Evaluation of Allostatic Load as a Mediator of Sleep and Kidney Outcomes in Black Americans

Joseph Lunyera, Clemontina A. Davenport, Chandra L. Jackson, Dayna A. Johnson, Nrupen A. Bhavsar, Mario Sims, Julia J. Scialla, John W. Stanifer, Jane Pendergast, Ciaran J. McMullan, Ana C. Ricardo, Leigh Boulware, Clarissa Diamantidis

Research output: Contribution to journalArticle

Abstract

Introduction: Poor sleep associates with adverse chronic kidney disease (CKD) outcomes yet the biological mechanisms underlying this relation remain unclear. One proposed mechanism is via allostatic load, a cumulative biologic measure of stress. Methods: Using data from 5177 Jackson Heart Study participants with sleep measures available, we examined the association of self-reported sleep duration: very short, short, recommended, and long (≤5, 6, 7–8, or ≥9 hours per 24 hours, respectively) and sleep quality (high, moderate, low) with prevalent baseline CKD, and estimated glomerular filtration rate (eGFR) decline and incident CKD at follow-up. CKD was defined as eGFR <60 ml/min per 1.73 m 2 or urine albumin-to-creatinine ratio ≥30 mg/g. Models were adjusted for demographics, comorbidities, and kidney function. We further evaluated allostatic load (quantified at baseline using 11 biomarkers from neuroendocrine, metabolic, autonomic, and immune domains) as a mediator of these relations using a process analysis approach. Results: Participants with very short sleep duration (vs. 7–8 hours) had greater odds of prevalent CKD (odds ratio [OR] 1.31, 95% confidence interval [CI] 1.03–1.66). Very short, short, or long sleep duration (vs. 7–8 hours) was not associated with kidney outcomes over a median follow-up of 8 years. Low sleep quality (vs. high) associated with greater odds of prevalent CKD (OR 1.26, 95% CI 1.00–1.60) and 0.18 ml/min per 1.73 m 2 (95% CI 0.00–0.36) faster eGFR decline per year. Allostatic load did not mediate the associations of sleep duration or sleep quality with kidney outcomes. Conclusions: Very short sleep duration and low sleep quality were associated with adverse kidney outcomes in this all-black cohort, but allostatic load did not appear to mediate these associations.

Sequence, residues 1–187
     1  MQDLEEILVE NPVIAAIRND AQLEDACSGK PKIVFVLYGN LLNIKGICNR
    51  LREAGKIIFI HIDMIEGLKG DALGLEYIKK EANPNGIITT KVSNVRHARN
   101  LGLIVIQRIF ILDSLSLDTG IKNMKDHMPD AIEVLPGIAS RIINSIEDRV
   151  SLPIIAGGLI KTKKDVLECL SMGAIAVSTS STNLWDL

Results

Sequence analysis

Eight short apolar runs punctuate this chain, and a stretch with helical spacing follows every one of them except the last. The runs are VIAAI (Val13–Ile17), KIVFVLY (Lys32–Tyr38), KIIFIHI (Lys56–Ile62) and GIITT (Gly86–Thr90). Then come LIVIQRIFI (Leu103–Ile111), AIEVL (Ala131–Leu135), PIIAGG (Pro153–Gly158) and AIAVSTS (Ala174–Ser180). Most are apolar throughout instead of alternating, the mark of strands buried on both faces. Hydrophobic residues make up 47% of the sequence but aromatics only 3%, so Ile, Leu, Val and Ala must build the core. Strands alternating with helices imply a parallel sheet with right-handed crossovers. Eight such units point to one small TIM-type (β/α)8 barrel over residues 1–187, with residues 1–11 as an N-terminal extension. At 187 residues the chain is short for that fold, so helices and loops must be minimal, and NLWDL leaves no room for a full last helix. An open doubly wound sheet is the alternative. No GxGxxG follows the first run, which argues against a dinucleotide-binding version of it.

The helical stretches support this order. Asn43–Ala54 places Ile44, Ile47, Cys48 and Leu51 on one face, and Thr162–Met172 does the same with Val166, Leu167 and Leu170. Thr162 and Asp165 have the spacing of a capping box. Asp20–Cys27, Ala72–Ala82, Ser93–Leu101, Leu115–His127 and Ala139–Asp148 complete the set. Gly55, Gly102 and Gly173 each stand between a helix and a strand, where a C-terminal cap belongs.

Original languageEnglish (US)
Pages (from-to)425-433
Number of pages9
JournalKidney International Reports
Volume4
Issue number3
DOIs
Publication statusPublished - Mar 1 2019
Externally publishedYes

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Keywords

  • African Americans
  • kidney diseases
  • sleep
  • sleep deprivation

ASJC Scopus subject areas

  • Nephrology

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